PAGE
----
Let’s talk for a moment about your purchasing decisions. Maybe you shop with the environment in mind, or you pinch pennies or you’re an emotional shopper. Maybe you’ve gone on a shopping fast. We’re launching a new series we’re calling How We Shop. Because what we buy — and how we buy it — often says something about who we are and what matters to us. Use the form at the bottom to send us your shopping stories, and one of the team might contact you for a future show.
I met up with MaryAnn McCarra-Fitzpatrick at C-Town Supermarket in Peekskill, New York.
She gave me a tour to show me how she shops. And there was a moment that stuck out to me.
We were standing in the aisle with the dish soap, and there were dozens of options — Palmolive, Dawn, Ajax — all in various sizes and scents.
People were pushing past us with their shopping carts. There was a guy stocking shelves, blocking half the aisle with his step ladder.
But MaryAnn was laser-focused. She knew exactly what she wanted.
“I don’t really care about the scent, or how kind it’s going to be to my hands, or even the name brand,” she said. “I want to get the product that’s going to get the job done for the least amount of money.”
MaryAnn lives in Peekskill, about an hour north of Manhattan, with her husband Mark and their three sons. She’s a stay-at-home-mom. He works in information technology.
And shopping is serious business for her. She has some rules. Don’t go to the grocery store when you’re hungry. Leave the kids (and their endless demands) at home. And always, always, check the unit price — the cost per ounce or pound. In New York State, it’s usually printed on the shelf, but she brings a blue plastic calculator just in case.
In the aisle, she pointed out a bottle of dish soap.
“This one, the Dawn, is $3.40 per pint,” she said. “The unit cost for a larger size is doubtless much less.”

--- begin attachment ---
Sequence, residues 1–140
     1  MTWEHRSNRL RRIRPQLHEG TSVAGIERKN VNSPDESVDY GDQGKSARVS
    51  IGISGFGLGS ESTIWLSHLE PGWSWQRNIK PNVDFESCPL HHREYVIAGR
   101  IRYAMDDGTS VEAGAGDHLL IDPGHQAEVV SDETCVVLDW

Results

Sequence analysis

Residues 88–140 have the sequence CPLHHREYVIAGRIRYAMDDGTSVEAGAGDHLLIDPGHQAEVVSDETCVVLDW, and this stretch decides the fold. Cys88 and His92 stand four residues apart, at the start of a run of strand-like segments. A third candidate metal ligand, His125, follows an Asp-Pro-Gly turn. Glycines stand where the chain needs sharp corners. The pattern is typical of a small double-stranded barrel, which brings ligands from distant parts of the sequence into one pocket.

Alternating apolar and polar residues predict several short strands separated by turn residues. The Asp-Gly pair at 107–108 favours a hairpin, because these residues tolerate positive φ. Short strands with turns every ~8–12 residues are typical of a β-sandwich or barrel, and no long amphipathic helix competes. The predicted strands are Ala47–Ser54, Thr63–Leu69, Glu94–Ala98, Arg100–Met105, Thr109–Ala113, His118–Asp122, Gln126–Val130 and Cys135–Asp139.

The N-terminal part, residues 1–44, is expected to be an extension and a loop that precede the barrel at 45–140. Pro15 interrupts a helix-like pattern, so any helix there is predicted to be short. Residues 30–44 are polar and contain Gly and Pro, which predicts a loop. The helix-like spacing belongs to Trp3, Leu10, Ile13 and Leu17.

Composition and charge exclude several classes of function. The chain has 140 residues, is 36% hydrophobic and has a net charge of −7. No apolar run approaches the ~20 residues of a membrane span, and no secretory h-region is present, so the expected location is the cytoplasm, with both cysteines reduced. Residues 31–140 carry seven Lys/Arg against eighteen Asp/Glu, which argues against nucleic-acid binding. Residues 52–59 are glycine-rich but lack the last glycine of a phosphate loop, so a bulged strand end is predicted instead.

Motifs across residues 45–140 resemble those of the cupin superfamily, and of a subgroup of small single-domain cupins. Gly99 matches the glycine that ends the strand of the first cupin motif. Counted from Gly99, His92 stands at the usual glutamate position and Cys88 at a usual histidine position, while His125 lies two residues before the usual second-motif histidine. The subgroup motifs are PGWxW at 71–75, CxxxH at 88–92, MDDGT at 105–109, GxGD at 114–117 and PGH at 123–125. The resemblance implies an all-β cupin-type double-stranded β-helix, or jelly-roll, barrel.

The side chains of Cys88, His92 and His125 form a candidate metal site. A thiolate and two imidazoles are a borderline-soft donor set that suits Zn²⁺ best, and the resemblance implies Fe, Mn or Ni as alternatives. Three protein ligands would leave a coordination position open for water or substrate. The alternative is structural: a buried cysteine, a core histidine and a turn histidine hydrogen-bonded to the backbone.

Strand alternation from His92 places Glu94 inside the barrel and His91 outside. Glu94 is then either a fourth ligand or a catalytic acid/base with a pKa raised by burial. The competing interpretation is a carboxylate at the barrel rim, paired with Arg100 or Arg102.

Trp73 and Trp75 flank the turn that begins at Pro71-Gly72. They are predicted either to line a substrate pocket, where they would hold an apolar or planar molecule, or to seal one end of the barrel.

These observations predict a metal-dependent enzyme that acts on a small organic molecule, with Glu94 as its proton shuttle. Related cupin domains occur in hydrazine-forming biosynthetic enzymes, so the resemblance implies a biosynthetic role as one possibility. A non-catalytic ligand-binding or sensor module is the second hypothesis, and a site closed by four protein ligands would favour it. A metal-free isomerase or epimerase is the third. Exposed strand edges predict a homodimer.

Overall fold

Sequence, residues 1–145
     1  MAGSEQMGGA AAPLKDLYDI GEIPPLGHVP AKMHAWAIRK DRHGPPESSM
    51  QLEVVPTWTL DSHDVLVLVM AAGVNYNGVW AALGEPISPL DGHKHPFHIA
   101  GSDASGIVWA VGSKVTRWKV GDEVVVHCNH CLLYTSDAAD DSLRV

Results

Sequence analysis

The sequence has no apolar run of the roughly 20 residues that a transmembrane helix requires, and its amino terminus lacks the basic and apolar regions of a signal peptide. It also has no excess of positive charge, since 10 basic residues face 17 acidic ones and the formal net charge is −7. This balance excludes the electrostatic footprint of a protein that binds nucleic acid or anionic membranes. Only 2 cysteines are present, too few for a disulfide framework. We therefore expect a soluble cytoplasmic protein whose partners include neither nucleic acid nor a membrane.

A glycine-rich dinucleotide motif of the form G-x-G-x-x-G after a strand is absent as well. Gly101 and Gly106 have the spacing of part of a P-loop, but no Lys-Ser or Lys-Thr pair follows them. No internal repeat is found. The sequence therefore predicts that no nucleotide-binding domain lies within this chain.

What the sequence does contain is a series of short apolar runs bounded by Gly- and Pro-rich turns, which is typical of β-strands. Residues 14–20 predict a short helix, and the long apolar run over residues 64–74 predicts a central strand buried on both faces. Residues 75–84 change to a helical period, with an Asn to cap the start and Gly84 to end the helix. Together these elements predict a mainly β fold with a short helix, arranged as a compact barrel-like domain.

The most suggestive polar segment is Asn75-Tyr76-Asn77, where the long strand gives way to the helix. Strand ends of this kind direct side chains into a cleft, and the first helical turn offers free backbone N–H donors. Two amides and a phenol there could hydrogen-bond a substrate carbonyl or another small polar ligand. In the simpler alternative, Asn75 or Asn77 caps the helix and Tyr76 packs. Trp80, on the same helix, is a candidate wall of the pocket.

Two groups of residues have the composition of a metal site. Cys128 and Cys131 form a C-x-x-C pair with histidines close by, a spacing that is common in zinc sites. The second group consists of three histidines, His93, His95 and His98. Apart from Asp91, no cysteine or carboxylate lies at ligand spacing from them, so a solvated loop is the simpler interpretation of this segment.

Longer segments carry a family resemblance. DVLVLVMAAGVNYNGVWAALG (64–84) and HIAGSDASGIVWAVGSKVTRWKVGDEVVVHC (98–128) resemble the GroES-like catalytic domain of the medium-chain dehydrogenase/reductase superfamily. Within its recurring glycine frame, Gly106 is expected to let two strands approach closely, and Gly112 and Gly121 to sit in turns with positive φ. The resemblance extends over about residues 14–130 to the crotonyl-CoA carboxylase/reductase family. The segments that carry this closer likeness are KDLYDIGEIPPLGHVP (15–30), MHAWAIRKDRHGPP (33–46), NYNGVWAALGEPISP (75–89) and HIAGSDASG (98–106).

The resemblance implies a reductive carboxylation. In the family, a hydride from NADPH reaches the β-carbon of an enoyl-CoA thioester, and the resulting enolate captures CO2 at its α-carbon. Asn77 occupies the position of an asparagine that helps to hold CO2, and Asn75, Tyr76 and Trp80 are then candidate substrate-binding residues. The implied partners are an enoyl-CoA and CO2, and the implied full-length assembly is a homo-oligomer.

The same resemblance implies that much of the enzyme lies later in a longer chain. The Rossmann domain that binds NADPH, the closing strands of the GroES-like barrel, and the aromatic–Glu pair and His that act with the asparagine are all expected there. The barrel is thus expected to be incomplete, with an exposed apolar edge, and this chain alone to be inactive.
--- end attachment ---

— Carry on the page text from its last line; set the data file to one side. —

She was right. It was $2.85 a pint.
“And all those pennies add up,” she said.
We walked by a display of Entenmann’s desserts. She zeroed in on the donuts and the cheese puffs. Both cost $3.99 but the donuts weighed one ounce more. She picked them up.
“I would go with this, because there’s more product here,” she said. “I think of it in terms of mouthfuls on the plate, sustenance.”
MaryAnn’s family is not particularly fond of the way she shops. She’s had to relinquish ice cream buying duties to her husband. He and the kids like ice cream, and she’s likely to come home with the store brand vanilla.
MaryAnn’s approach to shopping isn’t just about saving money. She’s trying to beat the system — or at least, not let it beat her.
“As a consumer, I think one has to be aware that marketers want your dollar to go from your pocket into theirs,” she said. “And they will do darn near anything to get that accomplished. ”
She learned that lesson from her parents, Nellie and Michael. They grew up in Ireland during World War II, when basics like sugar and flour were rationed.
“There was a great cognizance of perhaps, you know, scarcity, and the need to not waste money,” she said.
When MaryAnn was growing up in Yonkers, she’d be watching TV with her mother and it would suddenly turn into a teachable moment.
“My mother would tell me, you know, ‘you see that in the toy commercial, but that’s not really what that toy is like,’” she said. “And it’s true. Even with like, say Hot Wheels cars, you know, you see it doing something magnificent in the commercial. And then you get it home and it’s not quite the same.”
Frugality has become a way of life for MaryAnn, and it’s something she tries to teach to her sons. She buys clothes at the Salvation Army. She gets her hair cut at the local beauty school for $11. And if her sweater rips, she’s going to fix it.
“What’s that old saying?” she said. “Use it up, wear it out, make it do or do without.”
Her tastes are not extravagant. For her birthday this year, she simply asked her husband for a recording of a poetry reading in Manhattan.
MaryAnn is not always frugal. On Halloween, she buys the name brand candy bars for trick-or-treaters — Milky Ways, M&Ms, Twix.
And she will allow herself the occasional indulgence. She loves Barry’s, an Irish brand of tea, even though it costs 11 cents a bag, compared to three cents for Lipton.
“But for us, that 11 cents is well worth it, because you’re getting a quality product and you know you’re starting your morning off right when you’re drinking Barry’s,” she said.
Even MaryAnn can get all dreamy about a brand. I guess no one is completely immune to marketing.
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